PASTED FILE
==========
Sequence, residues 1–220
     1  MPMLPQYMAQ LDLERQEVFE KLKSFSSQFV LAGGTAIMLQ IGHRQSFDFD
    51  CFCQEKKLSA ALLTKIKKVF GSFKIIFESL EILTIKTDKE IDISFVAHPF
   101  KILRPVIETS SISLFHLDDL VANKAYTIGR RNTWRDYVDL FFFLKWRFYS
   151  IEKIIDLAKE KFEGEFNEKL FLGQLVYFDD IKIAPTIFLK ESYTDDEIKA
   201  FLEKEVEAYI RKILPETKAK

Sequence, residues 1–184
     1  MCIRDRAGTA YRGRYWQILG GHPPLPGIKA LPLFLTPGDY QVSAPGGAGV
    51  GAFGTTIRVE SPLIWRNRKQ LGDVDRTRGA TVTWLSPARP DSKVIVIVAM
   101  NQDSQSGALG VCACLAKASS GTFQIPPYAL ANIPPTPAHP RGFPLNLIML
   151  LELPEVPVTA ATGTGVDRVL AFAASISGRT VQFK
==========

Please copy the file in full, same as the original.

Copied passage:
Sequence, residues 1–220
     1  MPMLPQYMAQ LDLERQEVFE KLKSFSSQFV LAGGTAIMLQ IGHRQSFDFD
    51  CFCQEKKLSA ALLTKIKKVF GSFKIIFESL EILTIKTDKE IDISFVAHPF
   101  KILRPVIETS SISLFHLDDL VANKAYTIGR RNTWRDYVDL FFFLKWRFYS
   151  IEKIIDLAKE KFEGEFNEKL FLGQLVYFDD IKIAPTIFLK ESYTDDEIKA
   201  FLEKEVEAYI RKILPETKAK

Sequence, residues 1–184
     1  MCIRDRAGTA YRGRYWQILG GHPPLPGIKA LPLFLTPGDY QVSAPGGAGV
    51  GAFGTTIRVE SPLIWRNRKQ LGDVDRTRGA TVTWLSPARP DSKVIVIVAM
   101  NQDSQSGALG VCACLAKASS GTFQIPPYAL ANIPPTPAHP RGFPLNLIML
   151  LELPEVPVTA ATGTGVDRVL AFAASISGRT VQFK